Pr<r/. in librum Sacram. S. Grei/.. in P. L., LXXVIII, 601 sqq.; (JXXI, 865 sqq.; Sinker in Diet, of Christ. Antiq.

Andrew B. Meeh,\n.

Benediction of Abbots. See Abbot. Benediction of the Blessed Sacrament. — One

of the most generally popular of Catholic services is Benediction of the Blessed Sacrament, known in France as Satut and in Germany as Segen. It is ordinarily an afternoon or evening devotion and consists in the singing of certain hymns, or litanies, or canticles, before the Ble.ssed Sacrament, which is exposed upon the altar in a monstrance and is sur- rounded with lights. At the end, the priest, his shoulders enveloped in a humeral veil, takes the monstrance into his hands and with it makes the sign of the cross (hence the name Benediction) in silence over the kneeling congregation. Benedic- tion is often employed as a conclusion to other ser- vices, e. g. Vespers, Compline, the Stations of the Cross, etc., but it is also still more generally treated as a rite complete in itself. There is a good deal of diversity of usage in different countries with re- gard to details, but .some of the elements are con- stant. The of incense and wax candles, which even in the poorest churches must not be less than ten in number, the singing of the " Tantum ergo " with its versicle and prayer, and the blessing given with the Blessed Sacrament are obligatory everywhere.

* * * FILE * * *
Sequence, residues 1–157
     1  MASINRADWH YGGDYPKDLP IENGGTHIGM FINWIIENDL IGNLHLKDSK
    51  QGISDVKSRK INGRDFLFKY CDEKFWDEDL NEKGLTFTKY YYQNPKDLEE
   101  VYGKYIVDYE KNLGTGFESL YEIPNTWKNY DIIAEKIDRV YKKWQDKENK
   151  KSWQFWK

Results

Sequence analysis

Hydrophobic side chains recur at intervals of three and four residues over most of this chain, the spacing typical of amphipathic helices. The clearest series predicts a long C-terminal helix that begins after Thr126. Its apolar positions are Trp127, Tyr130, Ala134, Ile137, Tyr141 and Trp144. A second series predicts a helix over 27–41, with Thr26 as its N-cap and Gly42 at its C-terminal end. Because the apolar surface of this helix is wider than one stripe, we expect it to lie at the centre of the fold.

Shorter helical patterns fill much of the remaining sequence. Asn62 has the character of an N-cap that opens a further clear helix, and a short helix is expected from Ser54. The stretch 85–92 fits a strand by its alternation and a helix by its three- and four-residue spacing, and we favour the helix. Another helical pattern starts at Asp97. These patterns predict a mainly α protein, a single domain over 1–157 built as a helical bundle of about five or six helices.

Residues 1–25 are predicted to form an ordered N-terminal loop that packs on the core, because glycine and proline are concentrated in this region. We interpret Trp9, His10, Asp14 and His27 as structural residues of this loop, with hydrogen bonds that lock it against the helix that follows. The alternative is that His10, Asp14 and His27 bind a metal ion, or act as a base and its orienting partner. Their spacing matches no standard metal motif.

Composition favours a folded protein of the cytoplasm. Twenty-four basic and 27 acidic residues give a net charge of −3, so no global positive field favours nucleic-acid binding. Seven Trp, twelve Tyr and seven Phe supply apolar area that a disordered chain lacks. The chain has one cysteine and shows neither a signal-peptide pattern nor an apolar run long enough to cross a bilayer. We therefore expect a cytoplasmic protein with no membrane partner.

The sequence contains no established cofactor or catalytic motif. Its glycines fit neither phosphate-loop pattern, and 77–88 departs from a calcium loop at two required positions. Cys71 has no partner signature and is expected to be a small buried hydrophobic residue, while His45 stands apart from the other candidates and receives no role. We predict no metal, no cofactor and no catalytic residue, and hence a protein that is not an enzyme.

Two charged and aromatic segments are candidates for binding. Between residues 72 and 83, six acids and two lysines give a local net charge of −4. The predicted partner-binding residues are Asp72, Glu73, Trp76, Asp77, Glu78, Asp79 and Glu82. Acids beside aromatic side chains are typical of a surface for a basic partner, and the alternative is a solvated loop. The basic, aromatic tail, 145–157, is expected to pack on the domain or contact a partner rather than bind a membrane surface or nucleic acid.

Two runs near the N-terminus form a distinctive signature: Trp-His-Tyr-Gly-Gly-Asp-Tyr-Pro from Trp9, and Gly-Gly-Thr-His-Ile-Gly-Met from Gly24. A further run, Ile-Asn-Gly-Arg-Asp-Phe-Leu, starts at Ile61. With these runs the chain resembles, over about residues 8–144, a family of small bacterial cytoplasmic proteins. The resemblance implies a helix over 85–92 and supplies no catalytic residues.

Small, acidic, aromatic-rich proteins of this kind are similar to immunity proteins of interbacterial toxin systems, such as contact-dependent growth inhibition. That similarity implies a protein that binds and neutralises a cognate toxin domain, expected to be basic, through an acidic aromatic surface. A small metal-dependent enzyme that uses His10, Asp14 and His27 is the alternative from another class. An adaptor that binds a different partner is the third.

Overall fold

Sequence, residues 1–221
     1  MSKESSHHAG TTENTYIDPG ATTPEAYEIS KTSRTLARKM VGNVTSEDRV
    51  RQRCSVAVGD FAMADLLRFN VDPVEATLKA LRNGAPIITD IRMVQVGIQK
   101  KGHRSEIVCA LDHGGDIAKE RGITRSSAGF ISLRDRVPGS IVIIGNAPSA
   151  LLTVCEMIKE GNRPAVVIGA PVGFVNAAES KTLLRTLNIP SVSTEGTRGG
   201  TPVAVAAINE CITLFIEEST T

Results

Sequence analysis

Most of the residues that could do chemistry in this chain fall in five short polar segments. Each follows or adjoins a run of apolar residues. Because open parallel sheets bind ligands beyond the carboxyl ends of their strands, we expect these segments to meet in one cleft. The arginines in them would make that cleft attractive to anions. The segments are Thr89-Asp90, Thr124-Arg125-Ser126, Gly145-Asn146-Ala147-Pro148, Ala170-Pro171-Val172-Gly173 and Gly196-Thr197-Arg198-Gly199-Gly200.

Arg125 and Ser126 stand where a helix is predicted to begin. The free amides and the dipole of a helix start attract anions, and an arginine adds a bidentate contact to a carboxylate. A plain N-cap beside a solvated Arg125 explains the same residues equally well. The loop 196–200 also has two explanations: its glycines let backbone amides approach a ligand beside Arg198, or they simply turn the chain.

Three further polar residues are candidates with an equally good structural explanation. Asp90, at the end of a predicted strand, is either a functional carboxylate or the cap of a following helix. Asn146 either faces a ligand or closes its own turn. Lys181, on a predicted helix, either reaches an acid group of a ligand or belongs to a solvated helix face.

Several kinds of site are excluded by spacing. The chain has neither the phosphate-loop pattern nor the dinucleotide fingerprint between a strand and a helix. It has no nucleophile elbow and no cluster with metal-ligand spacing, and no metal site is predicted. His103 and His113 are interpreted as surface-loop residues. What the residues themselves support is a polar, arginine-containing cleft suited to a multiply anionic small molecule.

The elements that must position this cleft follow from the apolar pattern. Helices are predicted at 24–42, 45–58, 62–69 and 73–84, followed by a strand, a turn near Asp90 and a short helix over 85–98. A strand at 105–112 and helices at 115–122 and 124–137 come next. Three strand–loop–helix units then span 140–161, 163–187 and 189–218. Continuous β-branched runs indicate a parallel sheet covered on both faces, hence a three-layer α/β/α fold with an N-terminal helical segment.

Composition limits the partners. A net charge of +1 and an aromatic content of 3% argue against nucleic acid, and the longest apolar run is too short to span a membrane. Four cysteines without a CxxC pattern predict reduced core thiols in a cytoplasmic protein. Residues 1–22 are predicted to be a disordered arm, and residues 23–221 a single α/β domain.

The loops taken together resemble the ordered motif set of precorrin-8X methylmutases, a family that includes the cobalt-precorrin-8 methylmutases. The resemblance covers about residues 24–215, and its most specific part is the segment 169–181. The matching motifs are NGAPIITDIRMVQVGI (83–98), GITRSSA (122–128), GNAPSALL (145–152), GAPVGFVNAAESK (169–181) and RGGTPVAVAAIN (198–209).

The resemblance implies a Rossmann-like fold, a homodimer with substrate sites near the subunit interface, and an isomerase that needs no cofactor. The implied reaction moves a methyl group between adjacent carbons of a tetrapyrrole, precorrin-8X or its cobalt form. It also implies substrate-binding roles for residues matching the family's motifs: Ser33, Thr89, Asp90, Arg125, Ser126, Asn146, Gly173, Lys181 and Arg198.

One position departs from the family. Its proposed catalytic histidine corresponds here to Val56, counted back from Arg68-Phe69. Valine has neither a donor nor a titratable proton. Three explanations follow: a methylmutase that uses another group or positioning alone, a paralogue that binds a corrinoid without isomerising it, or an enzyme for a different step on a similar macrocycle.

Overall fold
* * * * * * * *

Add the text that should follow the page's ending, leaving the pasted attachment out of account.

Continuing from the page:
In Rome the principle obtains that the only portion of the service which is to be regarded as strictly liturgical is the singing of the " Tantum ergo " and the giving of the Benediction which immediately follov/s. This idea is emphasized by the fact that in many Roman churches the celebrant, vested in cope and preceded by thurifier, acolytes, etc., only makes his en- try into the sanctuary just before the " Tantum ergo " is begun. Previously to this the Blessed Sacrament is exposed, informally so to speak, by a priest in cotta and stole; and then choir and congregation are left to sing litanies and canticles, or to say prayers and devotions as the occasion may demand, the whole service being of a very popular character.